Between QR codes and near field communications (NFC), there are a number of technologies designed to bridge the gap between traditional print and packaging and digital channels. Both are mechanisms for data transfer; scan a code or swipe your device to upload information, like a coupon or a webpage. Both have uses in marketing, though neither—especially QR codes—are particularly sexy.
Augmented reality (AR)—which overlays videos, images, or textual goodies over physical objects—supports some of the flashier applications that connect print with digital. Currently Google is getting a lot of hype because of a recently announced contest that will allow selected people to demo its heavily-anticipated Glass product. And the U.S. Postal Service (USPS) will be particularly bullish this year incenting its business customers to use AR in its mailers. In fact, the agency already built AR into its official app. Hold a phone’s viewfinder over an envelope, for instance, and a promotional coupon might show up on-screen that a user can click to store.
CPG brands are also experimenting with the technology. POSSIBLE Labs, the testing bed of interactive agency POSSIBLE Worldwide, is developing a prototype wherein users hold an AR app over an item to get recipes and an ingredients list so they can replicate the fully-prepared meal depicted on a package.
Both the USPS and POSSIBLE Labs use the Aurasma platform, owned by HP, to accomplish this. Commercial applications of the technology began cropping up in 2011—mostly among media companies for campaigns supporting films like Super 8. Since then, Aurasma users include British-based grocery multinational Tesco, clothing retailer Forever 21, and cosmetics company Elizabeth Arden, which began using Aurasma in Spring 2012 to support singer Taylor Swift’s Wonderstruck perfume brand. It wasn’t Elizabeth Arden’s first foray using AR; in February 2012, when someone took a picture of themselves by a Macy’s Wonderstruck stand through an app developed by Tribal Technologies, an image of Swift would be placed next to him or her.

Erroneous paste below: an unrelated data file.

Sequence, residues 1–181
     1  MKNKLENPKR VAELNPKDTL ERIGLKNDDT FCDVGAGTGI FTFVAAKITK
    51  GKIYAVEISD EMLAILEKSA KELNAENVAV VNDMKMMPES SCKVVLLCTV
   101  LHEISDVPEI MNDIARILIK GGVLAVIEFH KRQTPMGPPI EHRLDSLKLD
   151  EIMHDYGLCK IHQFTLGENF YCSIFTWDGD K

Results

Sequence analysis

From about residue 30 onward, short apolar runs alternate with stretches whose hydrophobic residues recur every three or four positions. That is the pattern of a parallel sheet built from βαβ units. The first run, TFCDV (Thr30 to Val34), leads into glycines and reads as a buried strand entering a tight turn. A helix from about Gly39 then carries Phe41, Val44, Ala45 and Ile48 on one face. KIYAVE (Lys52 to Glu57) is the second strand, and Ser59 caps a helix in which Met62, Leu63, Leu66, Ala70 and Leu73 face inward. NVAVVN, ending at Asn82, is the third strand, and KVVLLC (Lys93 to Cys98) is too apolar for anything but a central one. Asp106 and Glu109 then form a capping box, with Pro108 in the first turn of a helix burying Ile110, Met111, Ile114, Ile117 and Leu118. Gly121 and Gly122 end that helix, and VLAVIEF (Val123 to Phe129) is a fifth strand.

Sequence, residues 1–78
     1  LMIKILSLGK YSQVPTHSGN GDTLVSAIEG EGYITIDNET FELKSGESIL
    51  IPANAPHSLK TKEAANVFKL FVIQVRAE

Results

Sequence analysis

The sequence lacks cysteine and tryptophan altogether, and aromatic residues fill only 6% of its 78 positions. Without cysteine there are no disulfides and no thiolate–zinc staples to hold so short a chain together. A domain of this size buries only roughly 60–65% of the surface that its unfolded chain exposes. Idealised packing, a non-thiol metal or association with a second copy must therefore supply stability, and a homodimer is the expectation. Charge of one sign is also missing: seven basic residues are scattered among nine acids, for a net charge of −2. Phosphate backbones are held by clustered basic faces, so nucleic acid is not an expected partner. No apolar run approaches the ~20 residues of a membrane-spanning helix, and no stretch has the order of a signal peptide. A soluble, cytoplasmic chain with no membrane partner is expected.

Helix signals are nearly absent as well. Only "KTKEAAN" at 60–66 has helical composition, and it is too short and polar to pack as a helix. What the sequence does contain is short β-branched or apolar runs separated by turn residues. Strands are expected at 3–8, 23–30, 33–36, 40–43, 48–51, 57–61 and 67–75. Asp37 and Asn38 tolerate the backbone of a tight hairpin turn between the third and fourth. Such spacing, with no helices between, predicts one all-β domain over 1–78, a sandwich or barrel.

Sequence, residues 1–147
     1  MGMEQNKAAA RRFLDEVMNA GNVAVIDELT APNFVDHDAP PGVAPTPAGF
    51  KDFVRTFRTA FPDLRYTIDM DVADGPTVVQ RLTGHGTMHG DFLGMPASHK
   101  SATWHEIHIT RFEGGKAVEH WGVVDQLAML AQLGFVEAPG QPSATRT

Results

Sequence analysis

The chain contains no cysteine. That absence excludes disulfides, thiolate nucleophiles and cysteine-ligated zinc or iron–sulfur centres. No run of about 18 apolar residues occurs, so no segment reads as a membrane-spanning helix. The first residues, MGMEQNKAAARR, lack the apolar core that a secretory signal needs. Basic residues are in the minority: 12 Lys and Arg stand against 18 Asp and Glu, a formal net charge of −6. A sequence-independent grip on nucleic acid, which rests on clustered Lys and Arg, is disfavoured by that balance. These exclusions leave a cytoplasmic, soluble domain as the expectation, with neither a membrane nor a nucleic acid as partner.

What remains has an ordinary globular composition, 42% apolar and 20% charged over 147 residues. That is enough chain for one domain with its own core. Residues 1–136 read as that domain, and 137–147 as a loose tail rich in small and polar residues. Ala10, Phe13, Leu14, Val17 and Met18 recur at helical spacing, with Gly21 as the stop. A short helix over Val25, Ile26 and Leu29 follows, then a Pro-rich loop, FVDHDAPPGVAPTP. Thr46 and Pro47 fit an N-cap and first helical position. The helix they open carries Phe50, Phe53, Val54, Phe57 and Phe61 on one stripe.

“We heard about [Aurasma] from Taylor’s team and through the news from SXSW 2012, where they had a huge presence,” says Emmy Burns, Elizabeth Arden’s global digital and social media marketing manager of global fragrance marketing.
When Wonderstruck launched in the UK, Elizabeth Arden integrated Aurasma’s technology with its print ads—three “trigger images” (images that Aurasma platform recognizes to push out supplementary material)—to release behind-the-scenes video.
In December Elizabeth Arden integrated Aurasma in a Twitter campaign called #EnchantedScavengerHunt for Swift’s second fragrance brand. Fans used Aurasma to scan gift sets to find clues.
“In reference to our celebrity brands like Taylor Swift, social is crucial element to the 360[-degree] marketing plan because of the nature of our celebrity partner,” Burns says. Swift has a huge social media following. Her verified Twitter account has 24 million followers and her Facebook page is liked by 40 million fans. “Our brand voice has to inherently resonate with the celebrity’s voice and audience,” Burns says, adding that it also allows direct consumer engagement.
For Elizabeth Arden, the AR abilities provided by Aurasma allows the beauty company to effectively link its mobile, social, and real-life creative.
“You can use it pretty much anywhere. You can use it on packaging, which we’ve done. You can use it on the print, which we’ve also done in the U.S. and UK,” Burns says. Elizabeth Arden plans to continue using AR and Aurasma, where the opportunities make sense.
In that sense, refining AR’s role in marketing campaigns will be determined by the extent to which the technology is embraced by consumers in 2013 and beyond.
“With any new technology, we need to allow time to reach critical mass,” Burns says.